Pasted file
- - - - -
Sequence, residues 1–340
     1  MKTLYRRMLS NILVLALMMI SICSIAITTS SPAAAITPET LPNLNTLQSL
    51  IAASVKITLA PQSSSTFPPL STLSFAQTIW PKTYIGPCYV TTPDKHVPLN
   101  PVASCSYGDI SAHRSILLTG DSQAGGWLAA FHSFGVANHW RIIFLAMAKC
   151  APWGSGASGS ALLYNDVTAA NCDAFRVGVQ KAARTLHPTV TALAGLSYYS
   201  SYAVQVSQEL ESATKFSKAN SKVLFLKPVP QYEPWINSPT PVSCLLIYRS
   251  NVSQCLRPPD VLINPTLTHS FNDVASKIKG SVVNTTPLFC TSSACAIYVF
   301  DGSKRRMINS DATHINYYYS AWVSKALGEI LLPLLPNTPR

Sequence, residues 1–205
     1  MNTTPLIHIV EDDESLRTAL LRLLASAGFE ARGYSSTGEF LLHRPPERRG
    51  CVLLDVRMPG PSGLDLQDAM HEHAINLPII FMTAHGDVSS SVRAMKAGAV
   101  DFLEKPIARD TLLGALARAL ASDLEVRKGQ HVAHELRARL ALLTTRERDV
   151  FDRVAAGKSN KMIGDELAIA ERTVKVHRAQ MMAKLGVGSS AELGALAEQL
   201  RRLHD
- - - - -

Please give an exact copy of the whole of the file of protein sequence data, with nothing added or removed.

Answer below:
Sequence, residues 1–340
     1  MKTLYRRMLS NILVLALMMI SICSIAITTS SPAAAITPET LPNLNTLQSL
    51  IAASVKITLA PQSSSTFPPL STLSFAQTIW PKTYIGPCYV TTPDKHVPLN
   101  PVASCSYGDI SAHRSILLTG DSQAGGWLAA FHSFGVANHW RIIFLAMAKC
   151  APWGSGASGS ALLYNDVTAA NCDAFRVGVQ KAARTLHPTV TALAGLSYYS
   201  SYAVQVSQEL ESATKFSKAN SKVLFLKPVP QYEPWINSPT PVSCLLIYRS
   251  NVSQCLRPPD VLINPTLTHS FNDVASKIKG SVVNTTPLFC TSSACAIYVF
   301  DGSKRRMINS DATHINYYYS AWVSKALGEI LLPLLPNTPR

Sequence, residues 1–205
     1  MNTTPLIHIV EDDESLRTAL LRLLASAGFE ARGYSSTGEF LLHRPPERRG
    51  CVLLDVRMPG PSGLDLQDAM HEHAINLPII FMTAHGDVSS SVRAMKAGAV
   101  DFLEKPIARD TLLGALARAL ASDLEVRKGQ HVAHELRARL ALLTTRERDV
   151  FDRVAAGKSN KMIGDELAIA ERTVKVHRAQ MMAKLGVGSS AELGALAEQL
   201  RRLHD